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Why are we still using a ‘one size fits all’ philosophy for systematic reserve planning in Australia?
 

Watson, J.E.M., Fuller, R.A. & Barr, L. 2008. Why are we still using a ‘one size fits all’ philosophy for systematic reserve planning in Australia? Pacific Conservation Biology, 14, 233–235.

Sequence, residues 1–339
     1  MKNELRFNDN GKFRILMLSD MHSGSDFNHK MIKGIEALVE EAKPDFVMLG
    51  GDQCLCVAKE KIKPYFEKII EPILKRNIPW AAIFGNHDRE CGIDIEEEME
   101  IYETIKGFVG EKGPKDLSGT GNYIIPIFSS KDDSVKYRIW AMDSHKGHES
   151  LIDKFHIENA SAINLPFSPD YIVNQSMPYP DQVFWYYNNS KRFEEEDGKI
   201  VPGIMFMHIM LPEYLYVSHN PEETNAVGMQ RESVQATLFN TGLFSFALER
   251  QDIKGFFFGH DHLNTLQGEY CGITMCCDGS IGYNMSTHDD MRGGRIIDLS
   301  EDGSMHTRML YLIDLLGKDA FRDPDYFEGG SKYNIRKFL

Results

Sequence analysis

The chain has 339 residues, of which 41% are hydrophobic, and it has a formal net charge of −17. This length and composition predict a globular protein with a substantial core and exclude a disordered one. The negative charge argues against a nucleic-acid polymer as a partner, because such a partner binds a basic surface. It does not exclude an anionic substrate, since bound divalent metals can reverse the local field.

Funds available for investment in biodiversity conservation are small in comparison with the resources available to those interested in using the land for other purposes. In response to this disparity, the discipline of systematic conservation planning has developed tools to optimize decision making for investing limited conservation funds in the most effective and transparent manner possible. In this essay we outline two major concerns we have with current implementations of these systematic principles in Australia. Firstly, we are concerned about the use of a fixed threshold for defining adequacy within the current protected area framework. There is an emerging consensus that the protection of 10–15% of original habitat extent is too little to sustain populations of most species for the long term, and will not protect the key ecological and evolutionary processes needed to sustain biodiversity. Secondly, some protected areas contribute little to biodiversity conservation. Arguably the most important goal of a protected area network is to separate samples of biodiversity from processes that threaten their continued existence. Therefore assessments of reserve systems also need to assess the effectiveness with which reserves mitigate such threats. A philosophical shift away from relying solely on protected areas for biodiversity conservation to a more holistic,  landscape-wide approach may be the next step forward for saving Australia’s threatened biodiversity.

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